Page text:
The Government’s response restates its ambition (as outlined in the Plan for Growth document released alongside the 2011 Budget) to make the UK a world-leader in the digital and creative industries.

(Ends)

For media enquiries, please contact Chris Wilson (Communications Officer)– T: 01382 308522 M: 07837 250284 E: chris.wilson@abertay.ac.uk

NOTES TO EDITORS

The full Government response is available as a PDF document at http://www.culture.gov.uk/images/publications/Government_Response_to_the_Scottish_Affairs_Select_Committee_Cm_8067.pdf

The full Scottish Affairs Committee report can be accessed online at http://www.publications.parliament.uk/pa/cm201011/cmselect/cmscotaf/500/50002.htm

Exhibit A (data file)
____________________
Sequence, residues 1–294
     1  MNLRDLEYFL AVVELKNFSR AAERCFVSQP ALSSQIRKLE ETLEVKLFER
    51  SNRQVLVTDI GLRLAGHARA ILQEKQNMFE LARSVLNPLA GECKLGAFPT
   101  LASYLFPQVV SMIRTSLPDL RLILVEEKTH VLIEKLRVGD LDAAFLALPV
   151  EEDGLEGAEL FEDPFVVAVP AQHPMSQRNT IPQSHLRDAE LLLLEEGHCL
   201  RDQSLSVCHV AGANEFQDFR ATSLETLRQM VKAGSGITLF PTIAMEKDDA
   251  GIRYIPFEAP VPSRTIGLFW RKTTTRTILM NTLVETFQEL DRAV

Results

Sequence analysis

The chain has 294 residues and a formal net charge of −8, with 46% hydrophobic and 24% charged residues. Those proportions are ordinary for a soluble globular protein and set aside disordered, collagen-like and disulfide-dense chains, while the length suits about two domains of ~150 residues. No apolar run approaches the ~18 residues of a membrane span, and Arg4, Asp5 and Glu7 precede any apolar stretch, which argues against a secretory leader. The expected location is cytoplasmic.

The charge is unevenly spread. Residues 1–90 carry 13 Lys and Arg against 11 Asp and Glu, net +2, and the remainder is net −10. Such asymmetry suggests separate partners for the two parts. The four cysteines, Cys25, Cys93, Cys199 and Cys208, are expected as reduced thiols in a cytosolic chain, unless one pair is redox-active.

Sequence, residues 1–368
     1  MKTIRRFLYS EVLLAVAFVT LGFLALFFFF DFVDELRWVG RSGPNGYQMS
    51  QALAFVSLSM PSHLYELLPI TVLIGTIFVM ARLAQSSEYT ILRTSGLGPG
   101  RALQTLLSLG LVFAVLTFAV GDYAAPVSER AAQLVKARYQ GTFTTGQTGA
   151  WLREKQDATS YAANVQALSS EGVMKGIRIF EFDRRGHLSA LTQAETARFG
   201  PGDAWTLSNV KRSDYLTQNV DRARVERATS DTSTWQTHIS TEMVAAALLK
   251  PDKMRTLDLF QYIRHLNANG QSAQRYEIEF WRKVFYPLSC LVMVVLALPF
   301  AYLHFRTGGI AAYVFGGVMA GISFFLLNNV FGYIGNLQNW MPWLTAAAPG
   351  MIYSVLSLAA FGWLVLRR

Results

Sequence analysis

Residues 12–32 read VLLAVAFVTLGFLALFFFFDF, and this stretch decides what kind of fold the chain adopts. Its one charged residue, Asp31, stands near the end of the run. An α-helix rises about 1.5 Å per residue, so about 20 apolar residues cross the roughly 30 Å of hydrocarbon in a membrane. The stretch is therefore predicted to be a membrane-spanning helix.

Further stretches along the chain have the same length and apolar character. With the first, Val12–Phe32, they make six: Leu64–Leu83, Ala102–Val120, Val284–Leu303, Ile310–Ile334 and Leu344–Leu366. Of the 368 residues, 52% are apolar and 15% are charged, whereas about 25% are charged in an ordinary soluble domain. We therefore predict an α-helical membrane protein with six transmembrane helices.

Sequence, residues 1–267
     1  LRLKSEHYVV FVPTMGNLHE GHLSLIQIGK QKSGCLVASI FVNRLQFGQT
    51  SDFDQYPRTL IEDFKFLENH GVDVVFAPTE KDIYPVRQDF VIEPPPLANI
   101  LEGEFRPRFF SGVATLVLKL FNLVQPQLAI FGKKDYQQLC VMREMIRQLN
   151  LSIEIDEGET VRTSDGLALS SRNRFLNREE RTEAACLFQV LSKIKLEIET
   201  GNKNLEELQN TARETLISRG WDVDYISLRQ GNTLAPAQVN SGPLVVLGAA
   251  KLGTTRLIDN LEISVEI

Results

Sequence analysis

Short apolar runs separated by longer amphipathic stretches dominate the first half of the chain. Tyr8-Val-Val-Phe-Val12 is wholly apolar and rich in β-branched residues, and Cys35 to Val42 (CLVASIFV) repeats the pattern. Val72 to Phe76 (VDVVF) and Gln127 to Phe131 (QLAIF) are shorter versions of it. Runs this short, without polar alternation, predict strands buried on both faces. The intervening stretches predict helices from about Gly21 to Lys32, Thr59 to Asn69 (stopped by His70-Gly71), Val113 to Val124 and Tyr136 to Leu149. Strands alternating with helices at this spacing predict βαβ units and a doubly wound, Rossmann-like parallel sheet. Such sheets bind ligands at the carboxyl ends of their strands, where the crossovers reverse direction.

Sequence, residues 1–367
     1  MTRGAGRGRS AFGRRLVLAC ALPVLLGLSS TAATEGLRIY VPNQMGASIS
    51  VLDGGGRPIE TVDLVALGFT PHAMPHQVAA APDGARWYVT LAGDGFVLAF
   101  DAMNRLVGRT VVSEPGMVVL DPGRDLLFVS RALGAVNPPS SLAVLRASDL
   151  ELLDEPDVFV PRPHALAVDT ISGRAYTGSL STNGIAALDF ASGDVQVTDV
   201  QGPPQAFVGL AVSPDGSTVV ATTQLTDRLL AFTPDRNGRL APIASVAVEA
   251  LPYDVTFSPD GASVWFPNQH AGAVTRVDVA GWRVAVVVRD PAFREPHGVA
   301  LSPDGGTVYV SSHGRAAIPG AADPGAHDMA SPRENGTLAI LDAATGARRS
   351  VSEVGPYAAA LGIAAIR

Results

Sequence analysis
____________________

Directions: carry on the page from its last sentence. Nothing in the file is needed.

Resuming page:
Selected Abertay University mentions from the response:

36. Government welcomes the Committee’s positive views on the potential value of the work being carried out at Abertay University. <…> It is important to recognise that the prototyping fund being delivered by the University of Abertay is already nationwide as applications are invited from eligible games companies based anywhere in the UK.

37. Whilst it is relatively early days with Abertay’s games prototyping programme and far too soon to make an assessment of its effectiveness, we are very pleased with progress to date. Some 57 applications were submitted to the first call for proposals. The 6 projects selected for the first round of funding are now starting to get underway and are spread all around the UK, including in Dundee, Liverpool, Bristol and Newcastle. We look forward to an equally strong response to the current and subsequent calls for proposals. This Government-supported programme is due to run on until 2013.